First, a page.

UK gov’t set to criminalize scalping of PlayStation 5 consoles and other videogame hardware

Scalping has been an issue that has plagued the gaming community in recent months. Whether it be PlayStation 5 consoles or new video cards from Nvidia and AMD, scalpers have taken advantage of limited stocks to make money from gamers desperate to get new hardware.

But that may change soon, at least in the UK. The UK parliament has taken measures to criminalize scalping with a bill titled the Gaming Hardware (Automated Purchase and Resale) Bill 2019-21.

Submitted by Member of Parliament Douglas Chapman, the bill tackles the rising incidences of scalping in the UK. These have driven up prices of certain goods while further limiting the already limited supply of these, forcing buyers to pay well above retail price just to purchase these goods.

According to Chapman, the bill—which is similar to the existing Ticket touting law—aims to place safeguards to ensure that consumers are able to purchase both gaming consoles and computer components at prices not exceeding the SRP set by manufacturers. In addition, it also looks to make purchases made by bots illegal.

“We know that bulk purchasing through automated bots is a concern for some of their members who we understand are currently looking at any further actions they can take to prevent these behaviors and are working with their retailers to improve experiences for customers,” Chapman explained in an interview with Sky News.

Chapman explained that the issue of scalping first came to him through complaints by his constituents about unable to purchase the latest gaming consoles and hardware prior to Christmas last year. Upon his office’s investigation, he found out that the practice of scalping has run rampant, thanks to the use of “automated bots” to purchase these products in bulks and was sold at highly inflated prices.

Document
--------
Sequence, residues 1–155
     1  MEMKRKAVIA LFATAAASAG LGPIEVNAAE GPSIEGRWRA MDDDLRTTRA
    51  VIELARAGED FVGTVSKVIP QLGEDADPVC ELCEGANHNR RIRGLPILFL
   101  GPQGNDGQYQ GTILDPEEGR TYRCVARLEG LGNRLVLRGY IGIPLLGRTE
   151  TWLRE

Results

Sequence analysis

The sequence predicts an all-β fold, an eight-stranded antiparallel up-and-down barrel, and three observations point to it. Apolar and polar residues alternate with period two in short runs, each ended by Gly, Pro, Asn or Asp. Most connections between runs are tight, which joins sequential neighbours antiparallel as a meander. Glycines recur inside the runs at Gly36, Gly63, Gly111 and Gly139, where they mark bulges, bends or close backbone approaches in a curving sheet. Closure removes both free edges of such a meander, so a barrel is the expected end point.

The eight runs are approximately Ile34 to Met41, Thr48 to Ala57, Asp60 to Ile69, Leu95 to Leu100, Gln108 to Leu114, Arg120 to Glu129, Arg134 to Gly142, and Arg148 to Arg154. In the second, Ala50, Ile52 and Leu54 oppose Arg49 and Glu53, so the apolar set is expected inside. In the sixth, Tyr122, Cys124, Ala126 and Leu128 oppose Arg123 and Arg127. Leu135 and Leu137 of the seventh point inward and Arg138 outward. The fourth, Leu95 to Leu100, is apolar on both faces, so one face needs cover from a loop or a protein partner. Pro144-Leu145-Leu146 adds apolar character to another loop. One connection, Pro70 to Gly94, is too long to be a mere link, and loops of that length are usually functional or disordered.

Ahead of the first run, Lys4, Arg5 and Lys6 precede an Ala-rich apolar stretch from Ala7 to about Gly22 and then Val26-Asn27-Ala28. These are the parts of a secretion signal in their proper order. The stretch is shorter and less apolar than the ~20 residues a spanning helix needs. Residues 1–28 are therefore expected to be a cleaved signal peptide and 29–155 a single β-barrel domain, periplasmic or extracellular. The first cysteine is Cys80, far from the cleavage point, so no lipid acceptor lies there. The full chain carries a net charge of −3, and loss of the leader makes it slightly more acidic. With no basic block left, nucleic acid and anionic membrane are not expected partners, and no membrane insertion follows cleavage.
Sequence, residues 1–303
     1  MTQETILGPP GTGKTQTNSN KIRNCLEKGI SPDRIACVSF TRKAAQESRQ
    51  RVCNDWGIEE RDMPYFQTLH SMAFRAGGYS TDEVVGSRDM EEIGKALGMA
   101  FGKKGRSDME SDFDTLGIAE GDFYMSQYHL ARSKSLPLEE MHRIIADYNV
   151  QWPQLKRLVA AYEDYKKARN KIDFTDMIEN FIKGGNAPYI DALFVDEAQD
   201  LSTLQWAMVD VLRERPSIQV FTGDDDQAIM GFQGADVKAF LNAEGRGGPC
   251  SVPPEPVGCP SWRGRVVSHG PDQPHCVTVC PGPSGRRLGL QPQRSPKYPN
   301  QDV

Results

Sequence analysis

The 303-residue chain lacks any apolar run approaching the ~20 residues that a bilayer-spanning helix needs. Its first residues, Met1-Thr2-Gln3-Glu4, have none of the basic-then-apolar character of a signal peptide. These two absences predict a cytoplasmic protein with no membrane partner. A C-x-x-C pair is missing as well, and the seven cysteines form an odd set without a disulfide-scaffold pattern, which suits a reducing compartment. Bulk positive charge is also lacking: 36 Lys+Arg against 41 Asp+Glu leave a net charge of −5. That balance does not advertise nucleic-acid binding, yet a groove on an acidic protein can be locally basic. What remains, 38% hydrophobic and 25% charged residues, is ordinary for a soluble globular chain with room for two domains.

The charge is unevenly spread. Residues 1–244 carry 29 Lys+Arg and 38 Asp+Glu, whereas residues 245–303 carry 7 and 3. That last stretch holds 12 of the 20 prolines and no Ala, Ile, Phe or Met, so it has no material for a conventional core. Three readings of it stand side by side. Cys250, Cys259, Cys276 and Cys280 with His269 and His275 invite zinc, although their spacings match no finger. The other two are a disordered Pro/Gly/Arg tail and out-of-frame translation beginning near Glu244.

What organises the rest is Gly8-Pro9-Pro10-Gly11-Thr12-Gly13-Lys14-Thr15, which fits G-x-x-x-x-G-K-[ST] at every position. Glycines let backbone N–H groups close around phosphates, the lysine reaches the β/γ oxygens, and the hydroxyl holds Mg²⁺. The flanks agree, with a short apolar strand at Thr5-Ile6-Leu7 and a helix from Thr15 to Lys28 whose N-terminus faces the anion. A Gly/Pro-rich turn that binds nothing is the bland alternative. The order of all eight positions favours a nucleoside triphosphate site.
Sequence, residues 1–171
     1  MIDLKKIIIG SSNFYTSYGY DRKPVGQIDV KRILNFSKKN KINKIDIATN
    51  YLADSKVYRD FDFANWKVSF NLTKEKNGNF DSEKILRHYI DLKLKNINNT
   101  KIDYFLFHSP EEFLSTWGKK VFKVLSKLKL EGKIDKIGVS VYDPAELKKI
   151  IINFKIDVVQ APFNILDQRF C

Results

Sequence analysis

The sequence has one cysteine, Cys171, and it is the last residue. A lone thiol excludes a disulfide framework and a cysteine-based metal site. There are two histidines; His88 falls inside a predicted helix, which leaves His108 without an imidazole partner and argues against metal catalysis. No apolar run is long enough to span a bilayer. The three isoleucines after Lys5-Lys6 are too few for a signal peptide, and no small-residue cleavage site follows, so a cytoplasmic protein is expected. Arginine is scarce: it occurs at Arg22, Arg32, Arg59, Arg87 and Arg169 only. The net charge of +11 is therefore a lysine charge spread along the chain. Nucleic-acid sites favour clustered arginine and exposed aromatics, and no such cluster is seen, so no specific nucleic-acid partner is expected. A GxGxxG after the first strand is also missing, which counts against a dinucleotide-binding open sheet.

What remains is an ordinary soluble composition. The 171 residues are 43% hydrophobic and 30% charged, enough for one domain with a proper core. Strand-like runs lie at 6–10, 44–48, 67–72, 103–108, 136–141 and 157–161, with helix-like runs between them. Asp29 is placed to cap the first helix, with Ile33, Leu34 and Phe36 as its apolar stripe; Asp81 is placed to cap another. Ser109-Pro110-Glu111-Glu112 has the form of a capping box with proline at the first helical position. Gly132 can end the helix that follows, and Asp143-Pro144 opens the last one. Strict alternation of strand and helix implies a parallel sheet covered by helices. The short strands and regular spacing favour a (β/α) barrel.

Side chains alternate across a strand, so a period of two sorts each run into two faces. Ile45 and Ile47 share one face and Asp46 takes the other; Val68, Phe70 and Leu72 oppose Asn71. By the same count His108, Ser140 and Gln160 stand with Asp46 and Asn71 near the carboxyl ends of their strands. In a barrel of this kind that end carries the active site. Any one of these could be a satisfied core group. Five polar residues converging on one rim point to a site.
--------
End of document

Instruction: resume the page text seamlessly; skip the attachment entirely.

The impact of scalping just from last year alone has been alarming, to say the least. According to a report by Gamerant, scalpers were able to amass a total of $58 million just from reselling both the PlayStation 5 and Xbox Series consoles during their launch. Reselling PS5 consoles brought in an estimated $34 million in sales while the Xbox Series X and S contributed the remaining $23 million in sales. (Read: PlayStation 5 sales numbers show its the most-coveted PlayStation console to date)

In terms of profit scalpers for both next-gen consoles, the report details an estimated $29 million “profitable earnings” as a result of gaming console scalping.

For computer hardware, the reselling of Nvidia’s RTX 30 Series GPUs and AMD’s Ryzen 5000 CPUs also paints a similar story. Scalpers were able to earn $39 million in pure profit from reselling in-demand hardware in reselling sites at an extortionate rate.

The demand for both gaming consoles and PC hardware demand has skyrocketed over the previous year thanks to the COVID-19 pandemic as well as a surge of demand in hardware needed for cryptocurrency. In addition, supplies also look to remain limited in 2021—something which scalpers may be looking to take advantage of.

While Chapman has acknowledged that the bill he passed may unlikely push through, the bill is a head start in acknowledging and perhaps eventually solving a perennial problem that has affected both gamers and the industry at large.

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Franz Co

managing editor | addicted to RGB | plays too many fighting games

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